And while Trump’s antics are comparable to despots of old, today’s highly interactive world community will ultimately defeat the tribalism Trump represents. During the last week, after meeting people across Europe and from around the world, it can be reported there is one overwhelming tone with which those outside of the U.S. respond when asked about Donald Trump. Australians call him a "bloody wanker" while those from Hispanic countries call him a vato loco. Italians say he is either matto or pazzo.

But the first mention of Trump’s name always brings a laugh. His desire may be to make people respect him around the world, but there is little of that to see. He has literally made the office of the president a laughing stock, and those outside of the U.S. either pity us or laugh at us for having him as our president.

The biggest worry is he’ll push the button and end everything. Many Europeans see him as a buffoon or a clown without redeeming value and one who is easily manipulated. A rube, to say. Scientists working for the European Space Agency near Frascati, Italy say he is putting the earth in peril by his lack of understanding of global climate problems. Politicians in Italy who aren’t fascists believe he is helping fascism rise globally—and in Italy, they know about fascism. Getting the trains to run on time means little if disagreeing with the man in charge can lead to your death.

Trump is a man whose time came and went during the Napoleonic era. Tribalism back then could be harnessed and used with the proper public relations for conquering enemies real and imagined because there was no internet, Facebook, Instagram, Snapchat, Twitter or any other social media.
You could stir up and foment hatred for those guys south of the border who, you could claim, wanted to steal your way of life because the masses couldn’t instantly see the faces and hear the cries of children callously separated at the border.

Divisiveness ultimately brings about its own destruction. United We Stand. Divided We Fall. A house divided against itself cannot stand. Choose any cliché from our history that is true and apply it here. Today, there is no room for those like Trump, especially in a country addicted to instant information. It is hard enough to lead that country. It demands brotherhood and peaceful solutions to problems because at the end of the day, people have too much in common, are too connected and don’t want to waste energy on artificial hatred fomented by a despot desperate to hold on to fame and power.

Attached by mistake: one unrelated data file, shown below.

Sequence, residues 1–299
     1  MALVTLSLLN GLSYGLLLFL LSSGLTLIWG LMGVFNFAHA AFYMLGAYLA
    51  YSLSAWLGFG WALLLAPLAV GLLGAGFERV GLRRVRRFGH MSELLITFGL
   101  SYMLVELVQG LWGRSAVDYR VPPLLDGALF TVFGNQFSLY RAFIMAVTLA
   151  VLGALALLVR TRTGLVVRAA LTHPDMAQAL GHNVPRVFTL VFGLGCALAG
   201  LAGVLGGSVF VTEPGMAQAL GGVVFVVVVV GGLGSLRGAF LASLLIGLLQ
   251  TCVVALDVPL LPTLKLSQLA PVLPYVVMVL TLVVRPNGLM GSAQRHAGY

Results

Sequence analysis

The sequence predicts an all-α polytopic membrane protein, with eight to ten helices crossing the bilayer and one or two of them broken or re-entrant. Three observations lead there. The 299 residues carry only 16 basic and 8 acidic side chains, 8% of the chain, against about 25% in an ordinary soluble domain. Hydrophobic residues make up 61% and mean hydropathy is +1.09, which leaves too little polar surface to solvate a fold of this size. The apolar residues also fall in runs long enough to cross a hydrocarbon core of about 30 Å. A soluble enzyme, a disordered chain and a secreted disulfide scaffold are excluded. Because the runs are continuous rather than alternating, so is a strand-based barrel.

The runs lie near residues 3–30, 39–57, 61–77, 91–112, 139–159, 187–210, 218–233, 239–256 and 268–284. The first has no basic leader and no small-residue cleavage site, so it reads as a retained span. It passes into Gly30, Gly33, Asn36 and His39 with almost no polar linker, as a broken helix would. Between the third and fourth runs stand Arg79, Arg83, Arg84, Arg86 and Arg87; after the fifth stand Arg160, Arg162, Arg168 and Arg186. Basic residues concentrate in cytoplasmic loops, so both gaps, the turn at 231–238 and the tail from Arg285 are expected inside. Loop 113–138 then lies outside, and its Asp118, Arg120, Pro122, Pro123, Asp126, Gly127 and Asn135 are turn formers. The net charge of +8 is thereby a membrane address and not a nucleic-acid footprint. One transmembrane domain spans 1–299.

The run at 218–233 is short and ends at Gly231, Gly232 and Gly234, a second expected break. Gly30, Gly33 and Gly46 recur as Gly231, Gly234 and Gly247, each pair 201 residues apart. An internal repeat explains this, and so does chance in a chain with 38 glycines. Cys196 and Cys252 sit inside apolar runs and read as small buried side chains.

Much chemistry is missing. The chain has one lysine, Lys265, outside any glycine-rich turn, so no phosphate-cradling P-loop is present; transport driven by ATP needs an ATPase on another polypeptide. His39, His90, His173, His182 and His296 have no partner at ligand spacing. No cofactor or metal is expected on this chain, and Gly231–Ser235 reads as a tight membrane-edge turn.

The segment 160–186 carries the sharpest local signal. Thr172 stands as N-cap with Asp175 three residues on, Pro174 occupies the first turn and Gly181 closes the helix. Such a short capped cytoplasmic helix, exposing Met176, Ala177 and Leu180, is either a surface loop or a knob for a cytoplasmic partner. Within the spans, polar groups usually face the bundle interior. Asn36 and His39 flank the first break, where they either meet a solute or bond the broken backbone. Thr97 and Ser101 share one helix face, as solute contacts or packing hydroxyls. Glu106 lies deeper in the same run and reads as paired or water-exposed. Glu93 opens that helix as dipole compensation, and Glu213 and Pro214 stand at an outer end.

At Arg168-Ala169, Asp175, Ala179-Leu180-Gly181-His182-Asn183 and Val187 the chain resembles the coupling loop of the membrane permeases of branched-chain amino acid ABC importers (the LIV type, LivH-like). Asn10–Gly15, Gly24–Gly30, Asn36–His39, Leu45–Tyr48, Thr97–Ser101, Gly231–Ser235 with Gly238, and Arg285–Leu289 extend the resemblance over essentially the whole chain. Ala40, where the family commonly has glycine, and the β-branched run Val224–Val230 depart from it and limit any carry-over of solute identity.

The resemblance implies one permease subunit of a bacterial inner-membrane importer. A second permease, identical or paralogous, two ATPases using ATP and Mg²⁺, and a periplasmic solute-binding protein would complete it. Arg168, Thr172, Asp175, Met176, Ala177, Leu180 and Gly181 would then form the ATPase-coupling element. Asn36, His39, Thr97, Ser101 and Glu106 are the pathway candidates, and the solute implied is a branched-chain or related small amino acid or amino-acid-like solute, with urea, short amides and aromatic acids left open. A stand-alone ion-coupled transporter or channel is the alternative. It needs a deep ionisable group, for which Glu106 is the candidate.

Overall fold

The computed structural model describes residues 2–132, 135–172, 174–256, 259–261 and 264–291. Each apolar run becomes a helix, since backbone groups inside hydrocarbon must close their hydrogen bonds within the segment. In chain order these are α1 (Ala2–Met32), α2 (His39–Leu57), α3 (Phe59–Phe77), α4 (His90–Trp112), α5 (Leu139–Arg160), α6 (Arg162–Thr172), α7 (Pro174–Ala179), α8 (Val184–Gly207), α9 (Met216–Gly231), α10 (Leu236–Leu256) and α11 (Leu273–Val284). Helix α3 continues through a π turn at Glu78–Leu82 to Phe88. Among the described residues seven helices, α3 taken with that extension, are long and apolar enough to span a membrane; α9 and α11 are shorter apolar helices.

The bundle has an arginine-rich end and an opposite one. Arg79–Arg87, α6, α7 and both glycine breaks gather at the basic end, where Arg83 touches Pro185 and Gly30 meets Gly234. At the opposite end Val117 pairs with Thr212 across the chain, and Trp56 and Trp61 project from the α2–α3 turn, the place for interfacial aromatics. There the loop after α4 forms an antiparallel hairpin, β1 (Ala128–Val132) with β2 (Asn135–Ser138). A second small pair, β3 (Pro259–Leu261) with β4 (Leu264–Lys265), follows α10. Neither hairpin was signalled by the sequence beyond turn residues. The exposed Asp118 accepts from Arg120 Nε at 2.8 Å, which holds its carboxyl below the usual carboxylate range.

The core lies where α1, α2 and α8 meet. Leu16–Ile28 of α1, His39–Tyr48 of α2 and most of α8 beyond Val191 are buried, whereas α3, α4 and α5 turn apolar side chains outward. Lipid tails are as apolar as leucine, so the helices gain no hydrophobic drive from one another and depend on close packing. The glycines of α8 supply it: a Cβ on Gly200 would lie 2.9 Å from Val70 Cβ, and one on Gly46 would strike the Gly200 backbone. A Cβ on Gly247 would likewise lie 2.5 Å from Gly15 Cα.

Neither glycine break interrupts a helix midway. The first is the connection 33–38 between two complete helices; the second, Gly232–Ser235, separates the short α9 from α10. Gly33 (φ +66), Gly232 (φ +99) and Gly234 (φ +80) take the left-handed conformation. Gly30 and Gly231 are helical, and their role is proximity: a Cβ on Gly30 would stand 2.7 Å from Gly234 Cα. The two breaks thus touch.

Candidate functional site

Everyone, or most everyone it seems, wants to get along. At the end of the day they want to watch a football game without dragging politics into it. Most don’t care what color their neighbor is or what their sexual practices are. The American people, as it turns out—at least according to a lot of Europeans I spoke to in the last two weeks—are more progressive than their government. In Florence, where the Renaissance began and where much of the city would be recognizable to Leonardo DaVinci to this day, English is a common language among a multilingual culture. Science is not voodoo, multiculturalism exists to the point that pride flags fly across the street from a Catholic Church. Mass shootings are a rarity, multiracial couples smile and walk down the street without a care and the laughter greeting the name “Trump” is only surpassed by the ringing of the church bell in the town square.

Here you will also find Trump described as a pig and a “wild boar” who tramples through the countryside without a care. The Saudis, the North Koreans, the Russians and now Trump are viewed as the largest wild boars who cannot be enjoyed, trusted or handled. They eat the gardens, run in packs and are a nuisance to the rest of us.

Trump may still decide to take action against Saudi Arabia and indeed has said the rulers could suffer in some form or fashion because of what happened to a Washington Post reporter.
But Trump’s credibility here is far from settled. He does not like the Post. He does not like reporters who do not cave to his desires. He has called us the enemy of the people and “fake news.”

There is every reason to hope Trump will come down hard on one of the most repressive, disgusting and greedy regimes on the planet and every reason to believe he will not, based on his past actions and his personal business interests. So far, he has only praised the Saudi regime for a "good first step."

If he respects his office, there might finally be some small measure of justice exacted on the Saudi regime. If he does not, then it will be business as usual with Trump and the wild boars will be back in the garden.

Or as the shuttle bus driver said, “I know there’s something wrong here.”